The players, in turn, select a tile from the row where the signpost stands (and where there are the number of dots equal to their turn order) and position this tile anywhere on their mountain board. Note: although you may place it anywhere it is best for scoring to position it as near to the starting edge (this is the green meadow edge) as possible as you score more and better for rows completely covered (holes in tiles do not count against the row being complete) than for only the next row along that has spaces - the board's edges are designed to make score counting easy - each row is of 10 points in value and the two central lines are marked 50, then 100. When there is only one tile in a row where the signpost is moved to then it is a scoring round, this doesn't occur unless there is only one tile in the row at the start of a player's turn - it isn't immediately triggered when the penultimate tile tile is removed from a row. As the tiles are removed from the central board it may be difficult to remember which space you took the tile from - you are allowed to try a tile on your player board before accepting it - so you mark the space with the compass tile.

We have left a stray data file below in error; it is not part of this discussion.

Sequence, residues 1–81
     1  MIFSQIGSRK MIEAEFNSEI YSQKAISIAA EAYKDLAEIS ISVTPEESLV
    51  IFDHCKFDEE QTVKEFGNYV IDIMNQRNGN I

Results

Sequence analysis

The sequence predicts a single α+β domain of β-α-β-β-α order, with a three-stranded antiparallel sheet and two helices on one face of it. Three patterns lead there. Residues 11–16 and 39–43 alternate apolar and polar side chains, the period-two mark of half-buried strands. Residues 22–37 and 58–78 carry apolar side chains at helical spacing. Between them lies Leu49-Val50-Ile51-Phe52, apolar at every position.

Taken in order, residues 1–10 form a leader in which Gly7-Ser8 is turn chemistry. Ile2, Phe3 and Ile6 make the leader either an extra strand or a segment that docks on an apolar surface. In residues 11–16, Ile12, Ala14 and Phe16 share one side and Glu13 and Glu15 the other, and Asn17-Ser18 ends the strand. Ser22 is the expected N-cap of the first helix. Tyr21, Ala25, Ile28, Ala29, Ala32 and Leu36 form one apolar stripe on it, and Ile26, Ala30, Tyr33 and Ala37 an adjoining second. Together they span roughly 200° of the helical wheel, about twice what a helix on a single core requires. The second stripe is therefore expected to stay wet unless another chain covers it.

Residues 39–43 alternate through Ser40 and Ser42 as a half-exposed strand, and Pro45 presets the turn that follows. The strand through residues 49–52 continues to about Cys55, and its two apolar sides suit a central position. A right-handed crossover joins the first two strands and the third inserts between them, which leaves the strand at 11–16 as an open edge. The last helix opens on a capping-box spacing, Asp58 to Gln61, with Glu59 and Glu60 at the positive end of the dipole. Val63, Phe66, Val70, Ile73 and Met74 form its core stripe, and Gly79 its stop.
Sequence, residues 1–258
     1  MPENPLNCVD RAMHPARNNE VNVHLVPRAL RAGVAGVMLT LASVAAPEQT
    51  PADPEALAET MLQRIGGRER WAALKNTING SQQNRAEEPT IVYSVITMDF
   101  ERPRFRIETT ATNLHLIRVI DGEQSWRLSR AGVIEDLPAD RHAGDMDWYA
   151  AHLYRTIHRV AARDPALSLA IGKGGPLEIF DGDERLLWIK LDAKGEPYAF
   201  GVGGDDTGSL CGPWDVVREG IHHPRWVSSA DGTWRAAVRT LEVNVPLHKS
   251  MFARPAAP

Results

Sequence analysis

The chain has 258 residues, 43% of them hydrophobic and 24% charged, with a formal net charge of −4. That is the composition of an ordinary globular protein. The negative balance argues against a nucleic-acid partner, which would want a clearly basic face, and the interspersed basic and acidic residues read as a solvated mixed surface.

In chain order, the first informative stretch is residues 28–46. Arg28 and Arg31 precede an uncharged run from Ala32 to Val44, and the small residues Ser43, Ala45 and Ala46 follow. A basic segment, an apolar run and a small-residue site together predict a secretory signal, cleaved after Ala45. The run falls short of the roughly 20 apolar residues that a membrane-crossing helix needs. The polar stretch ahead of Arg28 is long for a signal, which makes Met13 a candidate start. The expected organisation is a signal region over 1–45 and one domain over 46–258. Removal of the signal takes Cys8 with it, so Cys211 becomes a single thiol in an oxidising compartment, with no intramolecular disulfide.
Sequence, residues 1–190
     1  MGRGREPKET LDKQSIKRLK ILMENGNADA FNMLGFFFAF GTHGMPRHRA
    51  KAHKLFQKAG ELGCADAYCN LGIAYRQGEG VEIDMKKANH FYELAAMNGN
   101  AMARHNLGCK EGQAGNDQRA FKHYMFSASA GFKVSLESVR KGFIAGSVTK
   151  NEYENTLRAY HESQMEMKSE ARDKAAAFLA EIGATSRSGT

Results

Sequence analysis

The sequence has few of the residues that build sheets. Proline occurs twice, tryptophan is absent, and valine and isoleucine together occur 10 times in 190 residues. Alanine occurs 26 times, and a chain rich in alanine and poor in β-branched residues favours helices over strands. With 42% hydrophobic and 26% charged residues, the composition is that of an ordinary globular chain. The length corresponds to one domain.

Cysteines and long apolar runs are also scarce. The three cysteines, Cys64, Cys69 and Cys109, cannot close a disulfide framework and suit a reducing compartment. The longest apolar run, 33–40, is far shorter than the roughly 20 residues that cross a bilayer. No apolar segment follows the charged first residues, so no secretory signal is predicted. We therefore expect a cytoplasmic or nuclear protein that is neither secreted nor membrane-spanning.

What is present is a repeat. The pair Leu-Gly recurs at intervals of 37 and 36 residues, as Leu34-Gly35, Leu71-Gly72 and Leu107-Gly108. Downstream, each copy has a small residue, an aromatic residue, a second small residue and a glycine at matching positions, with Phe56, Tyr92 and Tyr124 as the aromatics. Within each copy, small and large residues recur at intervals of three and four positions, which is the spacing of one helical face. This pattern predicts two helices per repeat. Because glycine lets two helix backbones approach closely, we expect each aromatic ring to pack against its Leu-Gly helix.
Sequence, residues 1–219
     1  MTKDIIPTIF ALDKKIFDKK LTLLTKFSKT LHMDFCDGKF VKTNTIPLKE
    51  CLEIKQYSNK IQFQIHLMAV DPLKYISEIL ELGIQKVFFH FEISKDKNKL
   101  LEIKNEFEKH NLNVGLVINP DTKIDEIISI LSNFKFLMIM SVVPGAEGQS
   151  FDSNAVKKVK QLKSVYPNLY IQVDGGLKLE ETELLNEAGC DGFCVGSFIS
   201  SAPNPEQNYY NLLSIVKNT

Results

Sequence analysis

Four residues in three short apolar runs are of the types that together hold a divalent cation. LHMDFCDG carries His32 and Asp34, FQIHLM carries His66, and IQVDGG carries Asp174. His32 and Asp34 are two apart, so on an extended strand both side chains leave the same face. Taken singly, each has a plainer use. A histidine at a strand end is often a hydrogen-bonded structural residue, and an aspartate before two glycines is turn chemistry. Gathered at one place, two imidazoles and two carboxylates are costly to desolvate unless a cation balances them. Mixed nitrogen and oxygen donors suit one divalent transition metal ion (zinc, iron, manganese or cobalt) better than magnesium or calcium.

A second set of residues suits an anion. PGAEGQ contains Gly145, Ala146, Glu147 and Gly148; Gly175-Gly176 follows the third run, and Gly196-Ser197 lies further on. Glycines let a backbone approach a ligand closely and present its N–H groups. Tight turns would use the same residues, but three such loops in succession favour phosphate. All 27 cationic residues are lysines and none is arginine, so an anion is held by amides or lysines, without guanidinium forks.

Many of the tiles have small round holes in them which if positioned over the Marmot's Burrows will score additional points at the end of the game if they are still open. Tiles may be placed to cover the Burrows but for each one covered by a solid tile a Marmot tile has to be placed over a cleared burrow (one with an empty circle over it). You might say that the SPRING MEADOW game is Marmot (you either like it or you don't) - apologies I had to get that pun in.
The theme of the game is to restore meadowland to the wastes whilst taking nice country strolls using the hiking map (central board) as your guide. Of course that is only chrome and not really necessary as this is quite an abstract and random game, but it's fun to think of a beautiful warm day with blue skies and dicky-birds singing in the grasslands as you are building up your magnificently alluring meadowlands.